South Korea, one of the most affluent countries in Asia and the world’s seventh largest annual emitter of greenhouse gases (1.8%) and South Africa (0.9%), also a wealthy developed nation, round out this list. Neither of these middle powers has a very credible reason for delaying an INDC filing, especially since it’s largely symbolic: 2015 is only the first round of commitments, and as UN officials concede, we cannot expect to match greenhouse gains without future negotiations.
South Korea’s emissions stand a good chance of dropping quickly under the country’s new (January 2015) cap-and-trade market. The country also uses nuclear energy for about half its power and has good public transportation, including high-speed trains.
South Africa, also a middle power in international affairs, is the 25th-largest country in the world by land area and also the 25th most populous. It has the second-largest economy on the African continent (next to Nigeria), but only in the 1990s did it begin shedding the harsh and retrograde tradition of apartheid. Development and deforestation over the past half-century have cost South Africa much of its wild habitat, but it’s still the sixth most biologically diverse country in the world. A member of the G20 and G8+5, it has been part of the Brazil-Russia-India-China (BRICS) group of countries and trade partners since 2011. The nation has floated INDC ideas but not yet submitted them formally.
Not mentioned are Saudi Arabia and other oil-rich developed nations of the Middle-East-North-Africa region, all fossil fuel suppliers to the world to some degree, but many continuing to be mired in religious-political conflict. Saudi Arabia, one of the world’s three largest per capita energy consumers, has begun using renewable energy more and more for domestic needs. Too, it has left the oil spigot open at its own expense to keep prices low recently.
The New Climate Institute provides a useful look at overall INDC progress so far, garnering reports from 99 countries on their stages of contribution reached, submission dates, and support provisions. The institute has a concept of “fair share” similar to what I have described in this series of INDC articles and presents more exhaustive detail from a team of collaborators. A March 31 snapshot on NCI’s website indicates that almost 60% had initiated national discussions, begun technical design, and entered the political process by then, on top of the INDCs completed by then.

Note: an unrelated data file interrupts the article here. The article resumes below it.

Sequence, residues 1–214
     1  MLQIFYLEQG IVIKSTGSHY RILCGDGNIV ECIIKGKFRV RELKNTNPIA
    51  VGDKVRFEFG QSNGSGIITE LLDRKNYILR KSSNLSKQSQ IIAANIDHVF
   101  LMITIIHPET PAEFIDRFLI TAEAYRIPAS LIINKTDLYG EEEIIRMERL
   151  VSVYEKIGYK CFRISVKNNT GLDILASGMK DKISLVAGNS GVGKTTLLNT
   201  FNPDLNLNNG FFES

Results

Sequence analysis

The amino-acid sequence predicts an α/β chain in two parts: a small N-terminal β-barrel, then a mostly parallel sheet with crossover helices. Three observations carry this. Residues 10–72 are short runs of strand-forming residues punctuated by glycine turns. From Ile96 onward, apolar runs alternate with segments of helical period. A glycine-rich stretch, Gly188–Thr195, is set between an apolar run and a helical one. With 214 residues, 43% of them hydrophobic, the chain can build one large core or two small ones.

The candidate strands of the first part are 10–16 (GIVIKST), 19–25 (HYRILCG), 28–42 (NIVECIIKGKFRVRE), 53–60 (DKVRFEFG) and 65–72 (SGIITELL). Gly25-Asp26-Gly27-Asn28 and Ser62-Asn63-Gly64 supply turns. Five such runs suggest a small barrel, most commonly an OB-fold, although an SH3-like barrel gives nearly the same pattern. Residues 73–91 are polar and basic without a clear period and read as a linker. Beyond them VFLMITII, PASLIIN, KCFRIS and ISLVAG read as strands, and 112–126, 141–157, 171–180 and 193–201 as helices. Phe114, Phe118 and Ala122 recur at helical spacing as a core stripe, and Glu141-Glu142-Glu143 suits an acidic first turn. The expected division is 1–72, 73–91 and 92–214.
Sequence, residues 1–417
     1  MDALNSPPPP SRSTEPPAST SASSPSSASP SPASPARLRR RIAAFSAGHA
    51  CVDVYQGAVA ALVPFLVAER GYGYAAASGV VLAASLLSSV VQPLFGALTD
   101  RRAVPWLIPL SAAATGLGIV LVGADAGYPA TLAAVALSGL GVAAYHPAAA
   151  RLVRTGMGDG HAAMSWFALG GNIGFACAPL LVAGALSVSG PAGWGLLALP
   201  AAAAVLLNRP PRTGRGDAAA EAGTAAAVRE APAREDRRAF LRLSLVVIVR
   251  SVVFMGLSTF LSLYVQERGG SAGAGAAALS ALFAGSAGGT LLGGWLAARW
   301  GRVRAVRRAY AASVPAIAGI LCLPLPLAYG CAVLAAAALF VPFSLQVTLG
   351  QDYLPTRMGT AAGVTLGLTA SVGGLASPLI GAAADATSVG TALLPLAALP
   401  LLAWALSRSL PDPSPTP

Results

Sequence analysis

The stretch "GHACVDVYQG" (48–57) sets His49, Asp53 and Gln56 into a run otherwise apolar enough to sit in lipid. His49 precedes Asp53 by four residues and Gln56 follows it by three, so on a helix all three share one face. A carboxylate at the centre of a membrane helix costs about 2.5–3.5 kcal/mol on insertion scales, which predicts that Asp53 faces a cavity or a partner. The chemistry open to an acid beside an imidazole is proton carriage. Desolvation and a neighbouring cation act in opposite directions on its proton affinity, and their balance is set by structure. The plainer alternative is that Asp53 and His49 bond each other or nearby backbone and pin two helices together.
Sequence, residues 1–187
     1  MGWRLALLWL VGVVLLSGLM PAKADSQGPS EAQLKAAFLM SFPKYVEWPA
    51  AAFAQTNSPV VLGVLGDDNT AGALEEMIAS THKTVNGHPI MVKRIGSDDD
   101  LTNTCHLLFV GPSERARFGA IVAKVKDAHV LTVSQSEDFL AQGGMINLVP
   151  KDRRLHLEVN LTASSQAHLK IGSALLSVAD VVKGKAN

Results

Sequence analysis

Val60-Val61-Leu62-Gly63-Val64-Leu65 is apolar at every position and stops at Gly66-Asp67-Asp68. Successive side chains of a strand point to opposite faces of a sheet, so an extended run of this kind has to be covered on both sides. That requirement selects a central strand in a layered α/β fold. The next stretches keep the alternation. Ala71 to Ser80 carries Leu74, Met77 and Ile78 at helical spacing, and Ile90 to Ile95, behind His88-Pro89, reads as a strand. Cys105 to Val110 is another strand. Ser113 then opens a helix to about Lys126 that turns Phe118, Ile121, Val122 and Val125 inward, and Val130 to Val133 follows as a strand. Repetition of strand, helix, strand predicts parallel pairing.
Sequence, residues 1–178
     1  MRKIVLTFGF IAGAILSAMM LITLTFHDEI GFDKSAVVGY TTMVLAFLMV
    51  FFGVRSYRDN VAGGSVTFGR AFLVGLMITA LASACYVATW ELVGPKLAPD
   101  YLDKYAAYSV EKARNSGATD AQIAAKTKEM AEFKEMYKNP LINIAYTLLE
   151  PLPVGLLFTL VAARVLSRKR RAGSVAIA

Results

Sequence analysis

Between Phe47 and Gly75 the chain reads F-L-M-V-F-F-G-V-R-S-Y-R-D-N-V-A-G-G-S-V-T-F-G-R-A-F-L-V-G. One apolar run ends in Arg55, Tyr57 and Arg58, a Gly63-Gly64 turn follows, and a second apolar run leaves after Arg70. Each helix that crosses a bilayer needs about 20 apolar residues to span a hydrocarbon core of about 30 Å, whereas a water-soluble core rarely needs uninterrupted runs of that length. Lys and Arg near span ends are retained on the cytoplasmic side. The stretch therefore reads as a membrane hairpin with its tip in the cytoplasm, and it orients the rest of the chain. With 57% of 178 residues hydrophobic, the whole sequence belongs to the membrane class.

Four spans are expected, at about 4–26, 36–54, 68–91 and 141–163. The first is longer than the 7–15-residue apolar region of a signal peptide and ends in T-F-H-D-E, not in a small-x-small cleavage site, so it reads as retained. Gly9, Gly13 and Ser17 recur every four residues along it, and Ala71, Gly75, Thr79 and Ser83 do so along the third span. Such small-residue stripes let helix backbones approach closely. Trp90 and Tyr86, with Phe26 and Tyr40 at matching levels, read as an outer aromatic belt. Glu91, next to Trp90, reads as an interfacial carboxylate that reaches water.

This chart shows the proportion of GHG emissions expected to be covered by submitted INDCs by the end of the year. It takes all countries into its view, including those currently without information. The New Climate Institute expects the bulk of new submissions in September and October, by which time it believes about 80% of global emissions will be covered.
In the same survey, country representatives have commented on the extent to which certain challenges had impaired their INDC processes.
Another useful benchmark in the process: slightly over half (55.6%) of country representatives indicated that their INDCs would feature climate change adaptation plans.
Surely the nay-sayers — especially in politically volatile nations like the United States — will continue to point out that some countries will renege on their commitments. The US opposition party has already threatened to default on climate promises, and quite possibly other nations will go back on their words as well. Unanimity of human purpose certainly has few, if any, precedents in world history. (Then again, people have never tried to corral as swift and potentially huge issue as climate change before.)
One thing is certain, though: every failure in the INDC process works against the interests of all air-breathers. There are no exemptions here. And that means we need to keep track of false or straying promises, including our own. Politics are simply unwelcome at the table when it comes to survival of life as we currently understand it.
A final question: can international efforts really make a difference in the outcome of climate change? Candidly, I believe an increasing number of knowledgeable people are beginning to doubt the human ability to survive and flourish. But working together on a global challenge is surely an iterative process. We are still trembling at step one.
We live in a constantly fractious world, but not yet a totally failed one. Recent history indicates strongly that the international movement to gather real statistics and formulate national contributions has become more compelling. Let’s see what we can come up with going forward and reassess in July, if not before.